Foreign policy

Quad summit leaders US President Joe Biden and India’s Prime Minister Narendra Modi at Kantei Palace in Tokyo, Japan, 24 May 2022. (Jonathan Ernst/Reuters)

India in Quad: Black sheep or dark horse

The joint statement issued following the Quad leaders’ summit in Tokyo on 24 May neither condemned Russia’s invasion of Ukraine nor committed the quartet to imposing economic sanctions on Russia. The twin failure or reluctance was largely attributed to India’s unwillingness to jeopardise its deep ties to Russia. But even before the Russia-Ukraine conflict, analysts have been describing India as an “outlier” in the group. Is India really the weakest link, or will it eventually emerge as the keystone in the quartet?
China's State Councilor and Defence Minister General Wei Fenghe walks to attend a bilateral meeting with U.S. Defence Secretary Lloyd Austin on the sidelines of the 19th Shangri-La Dialogue in Singapore, 10 June 2022. (Caroline Chia/Reuters)

Framing China’s actions: From ‘assertive’ to ‘aggressive’

US-led Western rhetoric has not been friendly to China, with “assertive” being the operative word. However, at the recent Shangri-La Dialogue in Singapore, that term was “upgraded” to “aggressive”, prompting a strong response from China. Is this portrayal deserved and are tensions likely to persist in the region? What should the ASEAN countries’ response be?
A visitor holds his mobile phone near a screen showing Chinese President Xi Jinping at Wuhan Parlor Convention Center in Wuhan, Hubei province, China, 31 December 2020. (Tingshu Wang/Reuters)

China's softening stance on its ‘no limits’ relations with Russia

The lateral move of “Russia expert” Le Yucheng from the Chinese foreign ministry to the National Radio and Television Administration is undoubtedly a career setback for the man once tipped to be the next foreign minister. Zaobao correspondent Edwin Ong explores possible reasons for the move and opines that it could indicate Beijing's changing attitude towards Russia and the war in Ukraine.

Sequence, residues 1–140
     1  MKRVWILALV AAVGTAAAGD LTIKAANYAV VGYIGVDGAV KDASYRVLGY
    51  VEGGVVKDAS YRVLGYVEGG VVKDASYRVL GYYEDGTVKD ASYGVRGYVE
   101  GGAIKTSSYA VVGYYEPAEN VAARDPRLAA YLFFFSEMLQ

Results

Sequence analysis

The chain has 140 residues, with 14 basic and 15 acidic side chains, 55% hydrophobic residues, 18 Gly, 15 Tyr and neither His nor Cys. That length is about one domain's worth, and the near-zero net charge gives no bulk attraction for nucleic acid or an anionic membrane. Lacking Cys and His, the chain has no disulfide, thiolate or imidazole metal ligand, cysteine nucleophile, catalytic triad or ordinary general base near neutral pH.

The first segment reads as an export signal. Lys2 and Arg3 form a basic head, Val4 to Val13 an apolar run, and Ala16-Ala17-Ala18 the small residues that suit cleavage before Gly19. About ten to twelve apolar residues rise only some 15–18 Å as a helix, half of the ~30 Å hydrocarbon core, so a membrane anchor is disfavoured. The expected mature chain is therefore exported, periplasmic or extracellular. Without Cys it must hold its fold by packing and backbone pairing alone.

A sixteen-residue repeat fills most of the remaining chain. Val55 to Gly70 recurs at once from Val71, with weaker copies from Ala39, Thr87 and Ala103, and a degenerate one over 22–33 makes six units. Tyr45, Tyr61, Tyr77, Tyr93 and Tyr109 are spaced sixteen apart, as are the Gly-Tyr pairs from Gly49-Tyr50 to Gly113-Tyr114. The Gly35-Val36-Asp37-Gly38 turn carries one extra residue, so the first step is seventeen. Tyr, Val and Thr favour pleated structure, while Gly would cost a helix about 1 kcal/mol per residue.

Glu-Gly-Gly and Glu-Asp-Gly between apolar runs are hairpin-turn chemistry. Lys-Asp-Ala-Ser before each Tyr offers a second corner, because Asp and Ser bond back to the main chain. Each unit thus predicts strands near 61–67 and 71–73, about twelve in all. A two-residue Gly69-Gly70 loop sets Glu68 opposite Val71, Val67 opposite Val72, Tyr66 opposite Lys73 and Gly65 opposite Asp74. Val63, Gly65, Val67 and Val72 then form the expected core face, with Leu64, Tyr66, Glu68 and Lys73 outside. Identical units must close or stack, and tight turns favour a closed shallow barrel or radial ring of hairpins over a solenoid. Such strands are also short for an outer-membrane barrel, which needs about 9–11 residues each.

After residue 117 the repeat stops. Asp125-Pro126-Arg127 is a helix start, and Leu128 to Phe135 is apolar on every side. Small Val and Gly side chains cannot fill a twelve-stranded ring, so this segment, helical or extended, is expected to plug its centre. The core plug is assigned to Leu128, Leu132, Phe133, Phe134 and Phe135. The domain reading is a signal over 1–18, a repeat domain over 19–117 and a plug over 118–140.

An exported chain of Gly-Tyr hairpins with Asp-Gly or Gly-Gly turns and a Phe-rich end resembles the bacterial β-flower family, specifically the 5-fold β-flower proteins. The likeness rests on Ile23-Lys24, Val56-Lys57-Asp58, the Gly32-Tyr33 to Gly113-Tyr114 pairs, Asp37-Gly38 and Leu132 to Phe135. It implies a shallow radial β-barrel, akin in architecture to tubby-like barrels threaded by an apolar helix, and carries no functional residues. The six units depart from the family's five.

Visiting Chinese Foreign Minister Wang Yi (right) arrives at the convention center with Chief of Malvatumauri National Council Willie Plasua (second from left) after a meeting with the Vanuatu President Tallis Obed Moses in Vanuatu capital city of Port Vila on 1 June 2022. (Photo by ginny stein / AFP)

China gearing up for intense competition in the Pacific

China knows it needs to soften its tone as the US, Australia, New Zealand and others bristle at its interest in the Pacific island countries. The traditional powers are stepping up their game as well. But whether it likes it or not, the region will likely see greater power tussles as the strategic imperatives are simply too great for China to back off completely.
Ukraine's President Volodymyr Zelenskyy (on screen) addresses participants at the Shangri-La Dialogue summit virtually via a video link in Singapore on 11 June 2022. (Roslan Rahman/AFP)

Shangri-La Dialogue 2022: The paradox of peace and power

The duel between the ‘rule of law’ and the ‘right of might’ took centre-stage as the Shangri-La Dialogue resumed under the shadow of Russia’s war in Ukraine. Southeast Asian countries found it a hard sell to promote cooperative security and ASEAN’s broad-based mechanisms against tough talk by representatives of the major powers.
China’s General Wei Fenghe and his delegates arrive at Dutch Pavilion at Shangri-La Hotel, Singapore, for a meeting with his counterparts from the US. (SPH Media)

Shangri-La Dialogue 2022: A tougher diplomatic battle for China?

Given the tough stand of Chinese Defence Minister Wei Fenghe at the previous Shangri-La Dialogue in 2019, and the current tense relations between China and the US, this week’s Shangri-La Dialogue is set to offer some sparks. Zaobao’s associate editor Han Yong Hong examines some points of contention and what previous rhetoric suggests.
US President Joe Biden and Japan's Prime Minister Fumio Kishida attend the Indo-Pacific Economic Framework for Prosperity with other regional leaders via video link at the Izumi Garden Gallery in Tokyo on 23 May 2022. (Saul Loeb/AFP)

‘Doomed to fail’: Chinese media dismisses the US’s ASEAN diplomacy

Various Chinese state media have negatively portrayed Washington’s recent moves to court ASEAN diplomatically and economically, but the one-sided narrative that Beijing trots out belies the region’s careful management of both great powers amidst their growing rivalry.
Pins showing Taiwan are seen at a pro-independent book store in Taipei, Taiwan, 24 May 2022. (Ann Wang/Reuters)

Why it’s right that US policy on Taiwan has not changed

US academic Wu Guo explains that the US and China have fundamentally different interpretations of the “one China” principle and of the US’s adherence to its “one China” policy. To the Americans, Taiwan’s status has always been unsettled, and it has always advocated a peaceful resolution in the interest of regional stability. President Biden’s recent comments simply strongly affirm that.
Cambodian Prime Minister Hun Sen participates in the US-ASEAN Special Summit at the US State Department in Washington, DC, on 13 May 2022. (Brendan Smialowski/AFP)

Cambodia’s surprisingly hardline stance on the Ukraine war

Cambodia’s hearty relations with Russia means that it should have taken a less strident view of the latter’s invasion of Ukraine. Intriguingly, Phnom Penh’s position has tacked closer to Western critics of the Kremlin. Not only did Cambodia support the UNGA's resolution to condemn Russia, but it also co-sponsored it. Cambodian Prime Minister Hun Sen has also said he is not afraid to anger Moscow.